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5 May 1948
UNITED NATIONS PALESTINE COMMISSION
ADDENDUM TO THE SECOND SPECIAL REPORT TO THE SECURITY COUNCIL
ON THE FOOD SITUATION IN PALESTINE
The immediate danger of a food crisis which threatened Palestine on the termination of the British Mandate has been averted by the conclusion of an agreement which will ensure the import of certain essential foods required to meet the needs of Palestine up to 15 July. This agreement was foreshadowed as a possibility in the Second Special Report of the Palestine Commission to the Security Council (document S/720). Since submitting this Report on 14 April, the Commission was informed in a letter from the Mandatory Power on 17 April 1948 that the negotiations described in paragraph 18 of the Special Report have been brought to a successful conclusion. Similar agreements have been reached for both the Arab and Jewish communities of Palestine. The agreements are as follows: Import licenses were issued on 10 April by the Food Controller in Palestine to the importing agents who have hitherto acted for the Palestine Administration on behalf of Arab Chambers of Commerce on the one hand and the Jewish Agency on the other. The importing agents have agreed to advance eighty per cent of the cost of these imports, the Arabs and Jews advancing the remaining twenty per cent. With the assistance of the British Ministry of Food, 26,000 tons of wheat flour will be imported into Palestine to complete the International Emergency Food Committee allocations for Palestine for the period up to 30 June 1948. Of this quantity of wheat flour, 14,300 tons are designated for the Arab sector and 11,700 tons for the Jewish sector. Import licenses have also been granted for about 650 tons of canned and frozen meat and for a certain quantity of oil and oil seeds.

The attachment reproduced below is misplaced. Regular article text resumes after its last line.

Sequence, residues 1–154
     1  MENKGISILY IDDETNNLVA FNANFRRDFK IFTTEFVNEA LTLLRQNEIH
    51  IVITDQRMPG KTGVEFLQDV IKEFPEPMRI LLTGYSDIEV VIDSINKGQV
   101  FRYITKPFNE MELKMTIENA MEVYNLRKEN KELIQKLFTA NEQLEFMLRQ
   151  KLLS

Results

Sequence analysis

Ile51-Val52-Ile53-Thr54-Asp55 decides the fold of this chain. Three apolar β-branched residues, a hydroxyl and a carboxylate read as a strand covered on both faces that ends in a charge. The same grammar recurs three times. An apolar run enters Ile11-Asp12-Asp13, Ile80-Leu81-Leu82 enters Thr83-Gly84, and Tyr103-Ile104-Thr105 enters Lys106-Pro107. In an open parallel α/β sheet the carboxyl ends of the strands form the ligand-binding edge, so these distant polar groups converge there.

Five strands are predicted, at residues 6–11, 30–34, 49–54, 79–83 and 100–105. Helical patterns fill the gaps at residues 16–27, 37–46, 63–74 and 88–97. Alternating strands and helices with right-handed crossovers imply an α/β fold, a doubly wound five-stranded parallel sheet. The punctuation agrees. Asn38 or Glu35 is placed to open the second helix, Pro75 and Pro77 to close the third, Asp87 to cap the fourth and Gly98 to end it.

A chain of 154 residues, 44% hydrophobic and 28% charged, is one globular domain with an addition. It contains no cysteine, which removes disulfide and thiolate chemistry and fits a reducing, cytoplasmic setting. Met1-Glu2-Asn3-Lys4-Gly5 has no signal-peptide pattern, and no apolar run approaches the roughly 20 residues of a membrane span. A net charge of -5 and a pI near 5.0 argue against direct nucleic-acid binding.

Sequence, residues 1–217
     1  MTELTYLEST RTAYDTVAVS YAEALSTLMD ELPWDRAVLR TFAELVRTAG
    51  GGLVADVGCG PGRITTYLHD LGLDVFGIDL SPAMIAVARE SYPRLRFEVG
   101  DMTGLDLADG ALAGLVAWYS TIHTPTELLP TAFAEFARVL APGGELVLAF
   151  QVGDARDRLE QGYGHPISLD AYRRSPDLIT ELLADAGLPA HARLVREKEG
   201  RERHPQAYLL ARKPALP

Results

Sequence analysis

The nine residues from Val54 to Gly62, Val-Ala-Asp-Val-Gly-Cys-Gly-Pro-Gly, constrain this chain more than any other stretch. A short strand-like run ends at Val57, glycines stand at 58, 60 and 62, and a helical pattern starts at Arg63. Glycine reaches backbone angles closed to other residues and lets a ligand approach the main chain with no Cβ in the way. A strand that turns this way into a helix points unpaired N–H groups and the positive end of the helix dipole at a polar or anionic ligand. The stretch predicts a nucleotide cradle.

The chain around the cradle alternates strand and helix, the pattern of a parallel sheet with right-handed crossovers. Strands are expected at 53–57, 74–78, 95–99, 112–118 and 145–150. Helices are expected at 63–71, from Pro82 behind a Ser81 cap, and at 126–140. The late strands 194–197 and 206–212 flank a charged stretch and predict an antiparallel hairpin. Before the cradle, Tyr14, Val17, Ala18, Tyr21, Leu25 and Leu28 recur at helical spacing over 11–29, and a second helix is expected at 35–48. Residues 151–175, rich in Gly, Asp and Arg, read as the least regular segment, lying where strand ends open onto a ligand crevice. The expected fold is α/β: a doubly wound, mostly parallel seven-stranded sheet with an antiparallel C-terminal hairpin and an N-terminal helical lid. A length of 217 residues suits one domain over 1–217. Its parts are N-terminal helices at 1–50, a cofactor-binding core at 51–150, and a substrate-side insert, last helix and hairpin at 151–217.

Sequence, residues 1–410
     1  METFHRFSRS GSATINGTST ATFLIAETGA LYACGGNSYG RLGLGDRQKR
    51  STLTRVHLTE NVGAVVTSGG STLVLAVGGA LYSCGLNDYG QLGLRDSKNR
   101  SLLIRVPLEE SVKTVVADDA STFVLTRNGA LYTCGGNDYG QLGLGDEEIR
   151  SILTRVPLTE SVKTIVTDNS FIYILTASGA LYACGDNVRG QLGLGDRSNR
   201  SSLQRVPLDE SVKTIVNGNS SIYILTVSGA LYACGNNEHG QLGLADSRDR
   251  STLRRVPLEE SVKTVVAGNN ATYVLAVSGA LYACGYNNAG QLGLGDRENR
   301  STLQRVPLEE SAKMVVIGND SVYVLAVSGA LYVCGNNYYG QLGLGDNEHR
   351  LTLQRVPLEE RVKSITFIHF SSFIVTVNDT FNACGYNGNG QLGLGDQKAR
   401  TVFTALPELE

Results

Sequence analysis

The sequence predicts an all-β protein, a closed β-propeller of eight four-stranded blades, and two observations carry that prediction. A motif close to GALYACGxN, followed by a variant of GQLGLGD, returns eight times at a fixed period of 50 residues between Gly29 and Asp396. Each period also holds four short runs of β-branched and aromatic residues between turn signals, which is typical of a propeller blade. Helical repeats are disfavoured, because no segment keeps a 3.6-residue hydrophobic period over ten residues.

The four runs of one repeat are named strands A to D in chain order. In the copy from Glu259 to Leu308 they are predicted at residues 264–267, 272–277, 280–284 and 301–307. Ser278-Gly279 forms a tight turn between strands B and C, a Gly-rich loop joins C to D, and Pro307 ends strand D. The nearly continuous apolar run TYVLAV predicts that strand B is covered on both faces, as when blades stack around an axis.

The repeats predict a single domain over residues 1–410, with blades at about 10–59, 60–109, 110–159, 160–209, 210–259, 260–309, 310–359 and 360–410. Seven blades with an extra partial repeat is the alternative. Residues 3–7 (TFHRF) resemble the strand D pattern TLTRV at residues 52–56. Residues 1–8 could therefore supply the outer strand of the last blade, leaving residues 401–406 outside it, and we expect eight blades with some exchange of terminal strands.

This arrangement will meet the pressing needs of Palestine until about the middle of July. It should be emphasized, however, that in order to prevent any future break in the flow of essential imports, it is necessary that further arrangements be made without delay, since on the average at least two months will elapse between shipment and delivery.